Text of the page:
"The achievement of energy efficient dehydration by our MOF is revolutionary," said Professor Mohamed Eddaoudi, Director of the Advanced Membranes and Porous Materials (AMPM) at the KAUST Division of Physical Science and Engineering.
This image shows energy efficient gas drying achieved by a metal-organic framework. (Image: Mohamed Eddaoudi)
Gases, such as natural gas, must be dehydrated before transportation and use to avoid problems including pipeline corrosion and blockages due to methane ice formation. Conventional drying agents require an energy-intensive regeneration cycle.
The new fluorinated MOF developed by the KAUST team achieves the drying and regeneration cycle at relatively low temperatures and requires about half the energy input of conventional procedures. This dramatic reduction in energy use highlights the obvious potential for upscaling the innovation to bring huge efficiency savings in the gas production and transport industry.
MOFs are hybrid organic-inorganic materials that contain metal ions or clusters held in place by organic molecules known as linkers. Varying the metal components and organic linkers allows researchers to fine-tune the structure and chemical properties of MOFs. A major aim of this fine-tuning is to create MOFs with cavities that will selectively bind to and retain specific molecules, such as the water that must be removed from a gas stream.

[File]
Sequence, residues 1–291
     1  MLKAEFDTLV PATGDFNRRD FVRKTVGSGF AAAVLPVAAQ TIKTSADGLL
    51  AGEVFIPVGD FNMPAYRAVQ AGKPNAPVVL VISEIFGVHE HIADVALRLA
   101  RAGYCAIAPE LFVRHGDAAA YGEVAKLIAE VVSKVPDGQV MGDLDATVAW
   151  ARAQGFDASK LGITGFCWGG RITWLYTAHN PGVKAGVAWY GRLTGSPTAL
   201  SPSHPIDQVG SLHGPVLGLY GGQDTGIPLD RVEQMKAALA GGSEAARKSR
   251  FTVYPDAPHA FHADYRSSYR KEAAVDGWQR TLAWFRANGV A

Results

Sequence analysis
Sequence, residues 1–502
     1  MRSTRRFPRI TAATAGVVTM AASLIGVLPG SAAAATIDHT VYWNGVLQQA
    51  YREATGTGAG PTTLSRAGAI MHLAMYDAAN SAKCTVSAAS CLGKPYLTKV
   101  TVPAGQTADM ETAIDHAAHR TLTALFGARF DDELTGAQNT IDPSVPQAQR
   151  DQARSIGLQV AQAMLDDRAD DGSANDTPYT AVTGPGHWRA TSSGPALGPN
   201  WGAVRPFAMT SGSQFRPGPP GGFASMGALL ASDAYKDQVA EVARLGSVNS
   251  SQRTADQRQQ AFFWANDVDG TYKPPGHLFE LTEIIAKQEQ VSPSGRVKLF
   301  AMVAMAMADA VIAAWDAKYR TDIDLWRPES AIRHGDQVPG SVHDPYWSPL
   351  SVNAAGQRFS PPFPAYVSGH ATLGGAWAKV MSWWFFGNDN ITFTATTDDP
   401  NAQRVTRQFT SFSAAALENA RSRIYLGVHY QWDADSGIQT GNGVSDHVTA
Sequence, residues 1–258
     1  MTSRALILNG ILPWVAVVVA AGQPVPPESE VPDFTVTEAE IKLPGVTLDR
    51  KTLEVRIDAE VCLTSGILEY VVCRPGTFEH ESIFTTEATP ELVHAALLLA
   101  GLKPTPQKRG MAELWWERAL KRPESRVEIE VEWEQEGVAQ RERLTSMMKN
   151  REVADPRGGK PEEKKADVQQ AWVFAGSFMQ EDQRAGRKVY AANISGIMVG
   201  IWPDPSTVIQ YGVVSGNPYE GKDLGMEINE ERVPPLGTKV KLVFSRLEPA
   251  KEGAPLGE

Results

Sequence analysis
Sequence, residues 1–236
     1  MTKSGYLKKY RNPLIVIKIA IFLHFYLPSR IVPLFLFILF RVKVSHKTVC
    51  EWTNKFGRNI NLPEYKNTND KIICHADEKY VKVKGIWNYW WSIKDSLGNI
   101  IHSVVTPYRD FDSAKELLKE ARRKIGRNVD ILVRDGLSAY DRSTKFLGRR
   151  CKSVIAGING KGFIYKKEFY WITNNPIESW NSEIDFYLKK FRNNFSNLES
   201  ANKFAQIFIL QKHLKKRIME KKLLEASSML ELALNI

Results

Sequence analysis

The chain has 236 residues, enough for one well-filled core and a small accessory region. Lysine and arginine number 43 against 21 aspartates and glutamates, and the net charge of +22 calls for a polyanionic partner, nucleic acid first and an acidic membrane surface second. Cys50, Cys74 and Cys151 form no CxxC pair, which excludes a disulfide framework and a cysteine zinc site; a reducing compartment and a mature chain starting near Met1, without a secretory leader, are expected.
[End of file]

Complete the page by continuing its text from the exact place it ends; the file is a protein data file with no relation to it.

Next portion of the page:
"Initially, our aim was to adapt our recently introduced fluorine-containing MOFs, to include a periodic array of open metal sites and fluorine centers in the contracted pore system, to achieve various key separations," said Eddaoudi. This exploration led to the discovery of a water-stable MOF-- now labeled KAUST-8-- with unique water adsorption properties and outstanding recyclable dehydration capabilities. Significantly, KAUST-8 removes carbon dioxide along with water, which is a common requirement in industrial gas processing.
"I have no doubt that this discovery will inspire scientists in academia and industry to explore MOFs to address other challenges," said Eddaoudi. The KAUST team sees additional possibilities may include the removal of water from liquids, such as inks and solvents used in the electronics industry.
Source: King Abdullah University of Science & Technology